Climbing-inspired twining electrodes using shape memory for peripheral nerve stimulation and recording

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Science Advances  19 Apr 2019:
Vol. 5, no. 4, eaaw1066
DOI: 10.1126/sciadv.aaw1066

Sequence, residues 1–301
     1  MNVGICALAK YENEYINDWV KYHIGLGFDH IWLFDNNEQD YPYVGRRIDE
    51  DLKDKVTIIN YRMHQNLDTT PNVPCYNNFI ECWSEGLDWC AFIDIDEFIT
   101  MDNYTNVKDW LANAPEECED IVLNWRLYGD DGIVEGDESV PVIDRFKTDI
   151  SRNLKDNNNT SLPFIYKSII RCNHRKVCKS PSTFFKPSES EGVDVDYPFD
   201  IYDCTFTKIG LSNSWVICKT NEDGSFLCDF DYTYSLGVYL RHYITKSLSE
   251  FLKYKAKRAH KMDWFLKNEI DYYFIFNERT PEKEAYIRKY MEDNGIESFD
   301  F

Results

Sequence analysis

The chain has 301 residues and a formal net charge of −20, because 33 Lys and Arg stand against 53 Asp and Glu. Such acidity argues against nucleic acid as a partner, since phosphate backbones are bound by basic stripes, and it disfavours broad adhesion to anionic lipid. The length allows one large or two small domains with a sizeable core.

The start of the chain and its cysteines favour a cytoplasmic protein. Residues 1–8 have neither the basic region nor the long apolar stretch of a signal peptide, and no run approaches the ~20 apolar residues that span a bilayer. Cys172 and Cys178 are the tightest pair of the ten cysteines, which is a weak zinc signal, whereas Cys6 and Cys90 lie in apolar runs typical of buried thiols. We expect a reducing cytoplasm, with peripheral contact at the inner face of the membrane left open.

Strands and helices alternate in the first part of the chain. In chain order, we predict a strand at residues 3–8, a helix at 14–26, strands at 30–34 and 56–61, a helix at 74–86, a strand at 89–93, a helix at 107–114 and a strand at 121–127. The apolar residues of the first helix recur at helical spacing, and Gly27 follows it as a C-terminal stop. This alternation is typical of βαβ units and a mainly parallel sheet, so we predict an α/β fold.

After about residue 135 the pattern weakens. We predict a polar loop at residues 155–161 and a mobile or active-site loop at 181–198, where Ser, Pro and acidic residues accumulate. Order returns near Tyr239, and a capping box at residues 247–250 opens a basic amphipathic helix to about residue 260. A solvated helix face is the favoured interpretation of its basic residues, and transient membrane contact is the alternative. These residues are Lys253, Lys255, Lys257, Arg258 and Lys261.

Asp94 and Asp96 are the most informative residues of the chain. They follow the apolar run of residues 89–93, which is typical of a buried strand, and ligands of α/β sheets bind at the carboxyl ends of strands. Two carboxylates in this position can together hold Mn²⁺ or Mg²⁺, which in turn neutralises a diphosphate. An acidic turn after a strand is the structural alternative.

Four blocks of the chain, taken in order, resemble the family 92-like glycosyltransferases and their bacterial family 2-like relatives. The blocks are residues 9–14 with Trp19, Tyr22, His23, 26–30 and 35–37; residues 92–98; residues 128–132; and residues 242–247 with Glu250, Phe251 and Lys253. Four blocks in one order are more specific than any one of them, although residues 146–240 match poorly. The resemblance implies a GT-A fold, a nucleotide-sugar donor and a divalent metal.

Peripheral neuromodulation has been widely used throughout clinical practices and basic neuroscience research. However, the mechanical and geometrical mismatches at current electrode-nerve interfaces and complicated surgical implantation often induce irreversible neural damage, such as axonal degradation. Here, compatible with traditional 2D planar processing, we propose a 3D twining electrode by integrating stretchable mesh serpentine wires onto a flexible shape memory substrate, which has permanent shape reconfigurability (from 2D to 3D), distinct elastic modulus controllability (from ~100 MPa to ~300 kPa), and shape memory recoverability at body temperature. Similar to the climbing process of twining plants, the temporarily flattened 2D stiff twining electrode can naturally self-climb onto nerves driven by 37°C normal saline and form 3D flexible neural interfaces with minimal constraint on the deforming nerves. In vivo animal experiments, including right vagus nerve stimulation for reducing the heart rate and action potential recording of the sciatic nerve, demonstrate the potential clinical utility.

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